A survey for The Cambridge Student (TCS) has shown that academic work, heavy drinking and preconceptions about Cambridge are making what is already one of the most physically and mentally tough events of the university calendar more difficult.
Freshers’ Week, which ran from Saturday 3rd to Saturday 10th of October, is the university’s opportunity to introduce new students to their colleagues and courses. A student’s experience of the week can have an important effect on their welfare throughout the year, and even on their academic performance.
Yet according to the TCS survey twenty percent of students described the overall experience of their week as either “stressful” or “frightening”.
Central to the issues that the survey highlighted was workload. Academic work came top of the list of freshers’ worries.
Over half of students received academic work within the first three days of Freshers’ Week, forcing freshers to deal with the anxiety of the Cambridge workload while still anxious about meeting fellow freshers for the first time, finding their way around Cambridge, and completing all the Freshers’ Week tasks, such as registering at the doctors, that is required of them.
Moreover, with a dense programme of evening entertainment, one third of students were sleeping on average only three to six hours a night.
Unsurprisingly Freshers’ Week made one in every five students feel less prepared for academic work than before they came.Forty four percent of students felt either “quite” or “very” unprepared for academic work.
The survey indicated that workload alone wasn’t to blame. Twenty percent of students felt they could have used more advice from their academic department and a further twenty percent felt they could have used more advice from other students. The survey’s results indicate that support networks are perhaps not as good as they could be.
Though academic pressures might have made Cambridge Freshers’ week tamer than the two week mega Freshers’ Weeks of some of the city universities, ten percent of students admitted to being sick due to alcohol or drugs.
Some might consider this a welcome revelation considering Freshers’ Week’s academic orientation, yet the humiliation of just one fresher whose Matriculation dinner ends with more on the plate than when the dish was served, is enough to raise concerns over the week’s heavy drinking traditions.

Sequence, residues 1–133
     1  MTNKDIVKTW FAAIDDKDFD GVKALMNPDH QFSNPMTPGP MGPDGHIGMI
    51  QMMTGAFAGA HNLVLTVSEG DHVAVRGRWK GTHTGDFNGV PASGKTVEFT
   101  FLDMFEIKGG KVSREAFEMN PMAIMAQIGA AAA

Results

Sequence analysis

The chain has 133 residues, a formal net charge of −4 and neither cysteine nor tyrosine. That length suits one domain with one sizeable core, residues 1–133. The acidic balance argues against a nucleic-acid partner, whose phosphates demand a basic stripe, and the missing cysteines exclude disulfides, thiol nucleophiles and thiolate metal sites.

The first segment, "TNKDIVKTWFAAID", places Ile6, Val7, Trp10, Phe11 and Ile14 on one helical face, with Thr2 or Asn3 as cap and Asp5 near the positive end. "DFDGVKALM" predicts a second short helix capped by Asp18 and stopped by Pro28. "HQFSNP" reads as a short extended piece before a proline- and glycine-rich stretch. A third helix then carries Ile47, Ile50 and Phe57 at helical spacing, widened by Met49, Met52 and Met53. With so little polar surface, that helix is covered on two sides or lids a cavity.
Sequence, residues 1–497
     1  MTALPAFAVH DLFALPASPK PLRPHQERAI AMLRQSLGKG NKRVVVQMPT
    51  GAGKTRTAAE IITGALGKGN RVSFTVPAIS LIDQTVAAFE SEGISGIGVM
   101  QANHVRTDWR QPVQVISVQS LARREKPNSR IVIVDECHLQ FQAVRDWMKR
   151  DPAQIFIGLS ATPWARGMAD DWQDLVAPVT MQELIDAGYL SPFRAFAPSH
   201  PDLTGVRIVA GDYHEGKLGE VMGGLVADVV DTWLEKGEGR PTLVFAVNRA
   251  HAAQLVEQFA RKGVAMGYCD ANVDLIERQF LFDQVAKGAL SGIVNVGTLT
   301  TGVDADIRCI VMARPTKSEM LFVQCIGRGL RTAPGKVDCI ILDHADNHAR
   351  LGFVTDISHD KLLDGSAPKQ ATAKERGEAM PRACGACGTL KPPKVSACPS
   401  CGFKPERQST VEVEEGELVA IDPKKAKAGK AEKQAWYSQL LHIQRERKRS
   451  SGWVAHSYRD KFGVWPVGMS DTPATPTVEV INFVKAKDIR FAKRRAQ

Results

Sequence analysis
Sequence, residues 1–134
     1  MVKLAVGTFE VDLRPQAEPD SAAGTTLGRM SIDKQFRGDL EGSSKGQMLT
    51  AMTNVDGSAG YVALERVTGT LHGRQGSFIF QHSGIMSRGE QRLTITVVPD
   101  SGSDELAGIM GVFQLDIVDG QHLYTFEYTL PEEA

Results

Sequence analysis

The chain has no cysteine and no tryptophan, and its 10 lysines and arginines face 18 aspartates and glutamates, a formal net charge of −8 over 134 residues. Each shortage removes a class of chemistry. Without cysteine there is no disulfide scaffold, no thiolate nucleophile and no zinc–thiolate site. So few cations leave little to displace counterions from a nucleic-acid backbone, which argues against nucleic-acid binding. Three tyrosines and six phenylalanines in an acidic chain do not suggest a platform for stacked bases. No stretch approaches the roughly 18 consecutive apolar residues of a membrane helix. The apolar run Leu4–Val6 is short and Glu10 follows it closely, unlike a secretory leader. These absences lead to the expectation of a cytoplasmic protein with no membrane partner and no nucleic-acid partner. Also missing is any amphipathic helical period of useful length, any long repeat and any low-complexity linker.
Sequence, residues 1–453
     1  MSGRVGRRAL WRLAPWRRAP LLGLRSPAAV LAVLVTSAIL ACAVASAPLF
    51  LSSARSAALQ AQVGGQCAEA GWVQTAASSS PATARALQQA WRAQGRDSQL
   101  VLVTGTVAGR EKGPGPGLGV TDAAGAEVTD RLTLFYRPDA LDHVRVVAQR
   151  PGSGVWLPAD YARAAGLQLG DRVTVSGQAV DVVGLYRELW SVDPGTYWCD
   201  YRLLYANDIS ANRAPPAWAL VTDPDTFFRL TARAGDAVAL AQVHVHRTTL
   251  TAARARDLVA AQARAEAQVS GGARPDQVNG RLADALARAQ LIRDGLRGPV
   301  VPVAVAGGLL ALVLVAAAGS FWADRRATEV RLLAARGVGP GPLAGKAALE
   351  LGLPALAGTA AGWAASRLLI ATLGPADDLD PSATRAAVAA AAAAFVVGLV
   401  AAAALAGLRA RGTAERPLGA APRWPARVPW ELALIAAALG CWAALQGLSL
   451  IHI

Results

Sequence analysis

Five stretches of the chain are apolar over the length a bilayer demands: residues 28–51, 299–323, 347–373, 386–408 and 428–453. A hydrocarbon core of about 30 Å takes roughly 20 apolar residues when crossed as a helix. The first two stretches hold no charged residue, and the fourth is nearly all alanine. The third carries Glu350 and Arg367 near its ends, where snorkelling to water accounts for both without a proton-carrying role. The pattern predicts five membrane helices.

In fact, a night with the head in the toilet is one of the least embarrassing consequences of alcohol abuse. As almost every fresher now knows from anecdotal experience, vomit can be much more easily explained in a college environment than the diarrhoea and incontinence horror stories that attach themselves to those freshers whose bodies react more violently to their drink.
Moreover, the dangers are also social – a misjudged grope or an insensitive, slurred remark after a few shots of tequila and a Strongbow can make the already stressful Michaelmas term unnecessarily difficult for the unwitting fresher.
What makes the dangers of heavy drinking in Freshers’ Week particularly worrying is that according to the survey one in five students felt pressurised into drinking more than they wanted to during the week.
New students are particularly vulnerable both to the peer pressure of other freshers and of older students. Invariably, the Freshers’ Week timetable includes many events, such as pub crawls, where drinking is in effect the primary purpose, while in college “family” and staircase parties, older students often try specifically to get freshers drunk.
Freshers are also vulnerable because of their inexperience. Fifty percent of students who were sick during Freshers’ Week hadn’t drunk much in the past, and one third of those students who took recreational drugs hadn’t ever tried them before Freshers’ Week.
The motivation behind these events is in almost all cases good, and as the survey shows a large number of students do enjoy them. According to the survey, by far the most popular Freshers’ event was the college bop or party, where alcohol does play an important role.
Yet it is perhaps telling that events that offered an opportunity to drink with an opportunity to dance were more successful than those that exclusively offered the chance to drink and those that didn’t offer that chance at all.
What students most enjoyed, and what new students want from Freshers’ Week, is the opportunity to make friends. According to the survey, making friends and fitting in was only narrowly beaten by academic work as the top Freshers ‘Week worry.
“Meeting and making friends with so many interesting and friendly people” was given as the best Freshers’ Week memory of one new student; others said “meeting like-minded people” and “making friends”, confirming the frequent theme.
For comprehensive school students in particular the pressure to find friends was intense – they were twice as likely to believe that they wouldn’t fit in as students from private or public schools. One third of students who thought that they wouldn’t fit in thought that Cambridge would be too posh, showing that negative stereotypes about the university clearly do endure, even among students who have likely visited Cambridge at least for an interview.
That said, students were less likely to feel that they wouldn’t fit in after Freshers’ Week than before, indicating that Freshers’ Week is at least in part fulfilling its role.
Indeed, Cambridge’s inclusiveness was not the only impression that Freshers’ Week improved. Though this year has seen administrative errors create accommodation problems in a number of colleges, over half of students felt that their accommodation was better than expected. Only twelve percent of students felt that their accommodation was worse.
Louise Wallace – Investigations Editor
Article First Published 19th October 2009